Jeremy Fowler of cbssports.com has an interview with Urban Meyer of Ohio State today that is so candid and wide-ranging it almost makes me like the Buckeye coach, a precipice of fan heresy that I’m pulling myself back from as decisively as I can. After all, it’s Urban Meyer, who won two national championships on the frequent felony plan.
Nevertheless, it’s a superb piece of journalism that covers a lot of ground about college football, the OSU program and coaching. In it, Meyer talks about the latest trend in the spread offense, the package or combination play, which he credits to Rich Rodriguez of Arizona.
Above: an example of a “package play” formation. Instead of reading a lineman the quarterback will read a second-level defender, like the linebacker circled, and either run at him or throw a slant or hitch behind him. With both a quick mind and quick feet, Marcus Mariota has the skills to terrorize defenses with this kind of play (NFL photo from the website ChipWagon.typepad.com).
It’s another way a spread quarterback can pressure defenses and make every choice wrong. The Eagles used them with great success last season in the NFL.
Put simply, instead of reading a tackle or an end, the quarterback reads a linebacker or a safety. If the key defender commits to stopping the run, the quarterback throws a slant route, if he hangs back to cover the pass, the qb might run or hand off.
Fowler and Myer point out that the rules in the college game allow linemen to advance three yards beyond the line of scrimmage on a pass play, which makes these kind of deceptive and versatile plays even more effective.
Package plays are combinations of plays or options in a related sequence of plays that start out looking alike and exploit the defense when they commit. Gus Malzahn and Auburn used the concept extensively last year, but it dates from Wing-T football and beyond. Chip Kelly frequently said that there is nothing new in the game, that coaches are constantly recycling concepts and strategies, looking for an edge, trying to gain a numbers advantage at the point of attack.
We’ll be hearing a lot more about them from the analysts and x’s and o’s guys next fall, including the guy in the too-tight suit who goes crazy with the telestrator. Brian Flinn covered the topic with his characteristic aplomb in a February post at fishduck.com.
What’s significant for the Ducks and Duck fans is that Oregon is perfectly positioned to take advantage of the new trend. They have a mobile, athletic quarterback who processes information quickly, makes exceptionally good decisions and is quick and accurate with the football. Mariota is the supreme weapon in the college game, equally adept running or throwing, putting defenders in an impossible bind when he has a well-designed, well-timed play call.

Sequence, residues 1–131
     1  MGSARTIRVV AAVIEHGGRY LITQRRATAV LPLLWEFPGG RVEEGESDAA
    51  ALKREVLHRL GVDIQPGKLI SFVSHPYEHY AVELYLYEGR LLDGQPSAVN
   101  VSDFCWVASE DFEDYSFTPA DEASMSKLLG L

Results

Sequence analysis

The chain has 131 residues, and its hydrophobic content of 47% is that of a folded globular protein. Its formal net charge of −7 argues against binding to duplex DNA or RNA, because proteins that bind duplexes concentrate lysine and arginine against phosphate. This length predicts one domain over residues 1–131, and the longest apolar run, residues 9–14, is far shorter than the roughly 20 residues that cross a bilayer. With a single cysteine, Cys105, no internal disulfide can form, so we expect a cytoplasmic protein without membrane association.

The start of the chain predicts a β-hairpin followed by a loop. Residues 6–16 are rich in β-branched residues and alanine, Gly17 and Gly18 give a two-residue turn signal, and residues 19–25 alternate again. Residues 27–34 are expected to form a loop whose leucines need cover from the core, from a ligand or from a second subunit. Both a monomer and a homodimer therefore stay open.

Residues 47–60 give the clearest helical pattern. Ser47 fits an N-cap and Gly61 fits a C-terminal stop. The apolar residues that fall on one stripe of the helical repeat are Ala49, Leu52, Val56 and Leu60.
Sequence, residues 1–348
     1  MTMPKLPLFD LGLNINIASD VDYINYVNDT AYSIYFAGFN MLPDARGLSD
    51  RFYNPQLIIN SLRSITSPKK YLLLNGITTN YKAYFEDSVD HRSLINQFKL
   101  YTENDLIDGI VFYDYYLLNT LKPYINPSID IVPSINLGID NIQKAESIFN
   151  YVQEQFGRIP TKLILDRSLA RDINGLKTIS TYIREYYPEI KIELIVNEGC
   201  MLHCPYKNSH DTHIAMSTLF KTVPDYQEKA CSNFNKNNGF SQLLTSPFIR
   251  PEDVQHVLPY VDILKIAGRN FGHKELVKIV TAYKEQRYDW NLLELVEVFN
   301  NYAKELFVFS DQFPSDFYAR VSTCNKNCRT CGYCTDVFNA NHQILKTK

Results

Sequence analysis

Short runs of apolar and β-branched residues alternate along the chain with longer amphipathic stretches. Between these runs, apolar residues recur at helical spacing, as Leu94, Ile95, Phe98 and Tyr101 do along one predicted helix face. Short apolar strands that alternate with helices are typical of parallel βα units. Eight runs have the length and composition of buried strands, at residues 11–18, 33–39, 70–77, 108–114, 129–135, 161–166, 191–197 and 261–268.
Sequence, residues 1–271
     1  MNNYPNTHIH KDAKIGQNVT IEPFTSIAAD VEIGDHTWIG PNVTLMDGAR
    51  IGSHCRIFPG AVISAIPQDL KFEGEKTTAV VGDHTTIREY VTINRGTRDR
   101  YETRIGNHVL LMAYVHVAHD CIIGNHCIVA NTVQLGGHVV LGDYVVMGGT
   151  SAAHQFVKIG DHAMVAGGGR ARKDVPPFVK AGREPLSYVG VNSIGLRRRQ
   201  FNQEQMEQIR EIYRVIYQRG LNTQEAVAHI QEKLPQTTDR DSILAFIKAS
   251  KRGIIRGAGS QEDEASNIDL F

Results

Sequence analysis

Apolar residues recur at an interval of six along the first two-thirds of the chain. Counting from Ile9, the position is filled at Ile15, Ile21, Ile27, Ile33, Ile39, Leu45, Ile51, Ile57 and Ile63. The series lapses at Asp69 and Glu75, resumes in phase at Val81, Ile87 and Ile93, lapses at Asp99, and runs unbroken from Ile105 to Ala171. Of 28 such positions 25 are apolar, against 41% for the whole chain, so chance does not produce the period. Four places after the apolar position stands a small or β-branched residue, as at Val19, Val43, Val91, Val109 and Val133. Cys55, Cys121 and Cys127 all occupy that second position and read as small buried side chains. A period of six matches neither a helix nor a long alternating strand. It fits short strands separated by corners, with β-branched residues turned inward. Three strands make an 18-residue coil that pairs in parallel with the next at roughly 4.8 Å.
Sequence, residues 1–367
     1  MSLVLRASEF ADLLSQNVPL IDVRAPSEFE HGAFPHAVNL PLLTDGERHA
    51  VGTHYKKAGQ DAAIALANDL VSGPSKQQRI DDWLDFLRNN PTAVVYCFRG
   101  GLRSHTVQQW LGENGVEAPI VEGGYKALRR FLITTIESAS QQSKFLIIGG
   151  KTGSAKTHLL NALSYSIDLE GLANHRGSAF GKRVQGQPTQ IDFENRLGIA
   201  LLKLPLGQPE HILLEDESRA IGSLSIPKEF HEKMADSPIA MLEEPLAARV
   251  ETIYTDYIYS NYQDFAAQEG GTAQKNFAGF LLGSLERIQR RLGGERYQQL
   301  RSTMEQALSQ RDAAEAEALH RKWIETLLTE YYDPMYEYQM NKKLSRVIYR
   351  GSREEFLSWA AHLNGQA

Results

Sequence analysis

Additionally, the Ducks have a very reliable primary receiver in Bralon Addison who is physical, tough over the middle and extraordinarily dangerous after he catches the ball. And they have an experienced, athletic offensive line (107 returning starts) that is nimble enough to block at the second level and react to these kind of plays with intelligence and cohesion.
Marcus Mariota is the most capable triggerman in college football, and the package play concept is another way to take full advantage of his mobility, consistency and intelligence. Look for the Oregon offense to use these tactics to exploit teams that try to pound the line of scrimmage in hopes of slowing down Byron Marshall, Thomas Tyner and Royce Freeman.
No doubt Scott Frost and Mark Helfrich are “going to school” on the package play this off season, and the Ducks will have some exciting wrinkles to spring at Michigan State and Stanford this fall, designed to get athletes like Addison and Darren Carrington the ball in open space.
Speaking of Mariota, he’s getting some much-needed R&R this weekend, back home in Hawaii for spring break. Today Morgan Mahalak and his dad ran into him, of all places, on an Oahu beach. The Mahalaks are enjoying a father/son vacation on the islands, and just decided to drive around the island in the morning, stopped at an inviting spot, and lo and behold, small world, there’s Marcus.
Unplanned, the two quarterbacks enjoyed an hour of body surfing together, a sight that would have caused heart palpitations among the Oregon coaching staff, but turned out to be just some quarterback bonding and good clean fun.
As hard as they work, it’s great they’re getting a few mornings to just be kids and enjoy themselves.